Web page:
It happens every year: just before a large batch of releases in the fall, there are always a few left over from late summer that we need to highlight. Consider this the calm before the storm, but don't sleep on them. Big names and indies share space on the playlist this week, each a treasure in its own way.
This summer, Panamanian rapper Sech's "Otro Trago" has outperformed the litany of coverage devoted to reggaeton by non-black artists (and non-Latinx, in the case of Rosalía). The song's undeniable chart presence is, in part, due to its sharp producer, fellow Panamanian Dimelo Flow, whose debut feature track "El Favor" on Interscope Records gathers a host of the usual suspects who owe their genre's platform to Panama (plus the reigning Sech).
From the outset, Sech's liquid melody over an anguished R&B guitar in the first 30 seconds is honestly the best part of the song before giving way to a still-solid performance by the rest of the crew. Do not underestimate. — Stefanie Fernández
Ximena Sariñana's relatively young career has been embraced by music fans largely because of her intimately expressive voice. Her debut album, Mediocre, was nominated for best Best Latin Rock Or Alternative album in 2008. Her new album, ¿Dónde bailarán las niñas?, is a powerful statement of feminine independence and survival dedicated to all the female relationships in her life as daughter, musician, friend and most importantly, mother. I spoke with her during this year's SXSW festival while her daughter was being passed around band members doubling as baby sitters. It was a touching insight into Sariñana's inspiration for this new batch of songs. — Felix Contreras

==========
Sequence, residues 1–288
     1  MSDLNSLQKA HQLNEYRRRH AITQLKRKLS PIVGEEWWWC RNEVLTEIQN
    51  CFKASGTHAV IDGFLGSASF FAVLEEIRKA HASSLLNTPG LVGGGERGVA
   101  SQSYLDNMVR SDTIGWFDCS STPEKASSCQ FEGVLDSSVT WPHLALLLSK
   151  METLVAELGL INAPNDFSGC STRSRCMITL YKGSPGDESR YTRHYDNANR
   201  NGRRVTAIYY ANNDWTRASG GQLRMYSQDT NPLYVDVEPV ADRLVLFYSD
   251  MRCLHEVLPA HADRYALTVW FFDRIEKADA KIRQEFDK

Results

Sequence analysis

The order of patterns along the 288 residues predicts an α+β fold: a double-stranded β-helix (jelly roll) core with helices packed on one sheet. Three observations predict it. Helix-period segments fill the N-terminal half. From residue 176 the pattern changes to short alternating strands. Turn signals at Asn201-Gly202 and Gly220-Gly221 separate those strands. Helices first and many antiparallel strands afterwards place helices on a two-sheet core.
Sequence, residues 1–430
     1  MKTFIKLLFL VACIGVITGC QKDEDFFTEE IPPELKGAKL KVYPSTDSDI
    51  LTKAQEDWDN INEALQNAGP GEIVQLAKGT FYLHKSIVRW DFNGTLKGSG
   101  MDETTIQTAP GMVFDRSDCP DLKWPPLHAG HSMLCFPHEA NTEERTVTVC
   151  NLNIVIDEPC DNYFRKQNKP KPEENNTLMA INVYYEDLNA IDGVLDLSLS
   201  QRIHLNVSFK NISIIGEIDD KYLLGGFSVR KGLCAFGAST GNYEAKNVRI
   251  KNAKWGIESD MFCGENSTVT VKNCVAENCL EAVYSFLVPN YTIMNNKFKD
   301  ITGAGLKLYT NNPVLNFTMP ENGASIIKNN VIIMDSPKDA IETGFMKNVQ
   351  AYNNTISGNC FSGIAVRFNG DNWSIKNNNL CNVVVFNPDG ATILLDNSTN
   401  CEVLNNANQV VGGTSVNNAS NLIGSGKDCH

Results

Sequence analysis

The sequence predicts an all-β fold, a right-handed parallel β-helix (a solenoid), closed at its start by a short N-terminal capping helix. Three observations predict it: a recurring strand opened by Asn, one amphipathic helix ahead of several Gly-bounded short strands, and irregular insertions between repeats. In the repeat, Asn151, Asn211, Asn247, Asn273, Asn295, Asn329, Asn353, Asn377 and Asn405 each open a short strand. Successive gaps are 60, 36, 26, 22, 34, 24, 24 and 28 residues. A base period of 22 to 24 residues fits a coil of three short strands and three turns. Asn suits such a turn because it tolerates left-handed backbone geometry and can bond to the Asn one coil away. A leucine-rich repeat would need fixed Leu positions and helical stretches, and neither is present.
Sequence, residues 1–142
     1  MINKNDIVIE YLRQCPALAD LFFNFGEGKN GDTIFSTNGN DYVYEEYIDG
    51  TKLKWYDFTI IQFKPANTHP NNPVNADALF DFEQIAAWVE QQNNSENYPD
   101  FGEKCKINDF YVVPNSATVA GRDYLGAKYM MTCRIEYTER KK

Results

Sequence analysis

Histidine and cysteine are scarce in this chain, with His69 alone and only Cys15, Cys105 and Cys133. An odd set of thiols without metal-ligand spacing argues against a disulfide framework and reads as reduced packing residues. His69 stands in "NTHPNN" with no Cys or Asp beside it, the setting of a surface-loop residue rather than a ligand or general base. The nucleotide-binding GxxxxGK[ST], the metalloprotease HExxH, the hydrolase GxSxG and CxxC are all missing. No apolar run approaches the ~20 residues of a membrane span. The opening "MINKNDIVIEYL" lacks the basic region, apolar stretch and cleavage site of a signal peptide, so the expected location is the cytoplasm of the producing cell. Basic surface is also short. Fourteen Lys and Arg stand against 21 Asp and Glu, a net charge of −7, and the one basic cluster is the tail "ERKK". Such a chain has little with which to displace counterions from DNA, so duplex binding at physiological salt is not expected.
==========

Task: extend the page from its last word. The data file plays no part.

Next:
We at Alt.Latino are big fans of Fabi Reyna, the founder of She Shreds and the guitarist and vocalist behind Reyna Tropical and Sávila. Reyna Tropical, Reyna's project with DJ and producer Sumohair, just released Sol y Lluvia, a collection of six songs written and recorded, as with all Reyna Tropical songs, in a short improvisational session. Sol y Lluvia, like last year's self-titled EP, is a diasporic soundscape that fuses Reyna's tropical cumbia style of playing with electronic elements, and its improvised nature makes that fusion feel organic. "Tristeza" is a sunny collection of loops grounded in a bright guitar riff and bass pulse, a fast-acting antidote against its title. — Stefanie Fernández
Francisca Valenzuela has been putting out engaging music so consistently that it would be easy to take her talents for granted. But that would be a grave mistake because, as she proves on her latest single, her music stands out for exquisite writing and a musicality that always impresses. This song comes with a message and, in Valenzuela's hands, it's a powerful declaration of self determination. — Felix Contreras
Diamante Electrico's sound is ageless and contemporary at the same time and, as this collaboration with Dominican vocalist Vicente García shows, it is infectious in its understated grace and power. This track is a major statement for both camps as it adds a depth of expression to their individual musical talents. — Felix Contreras
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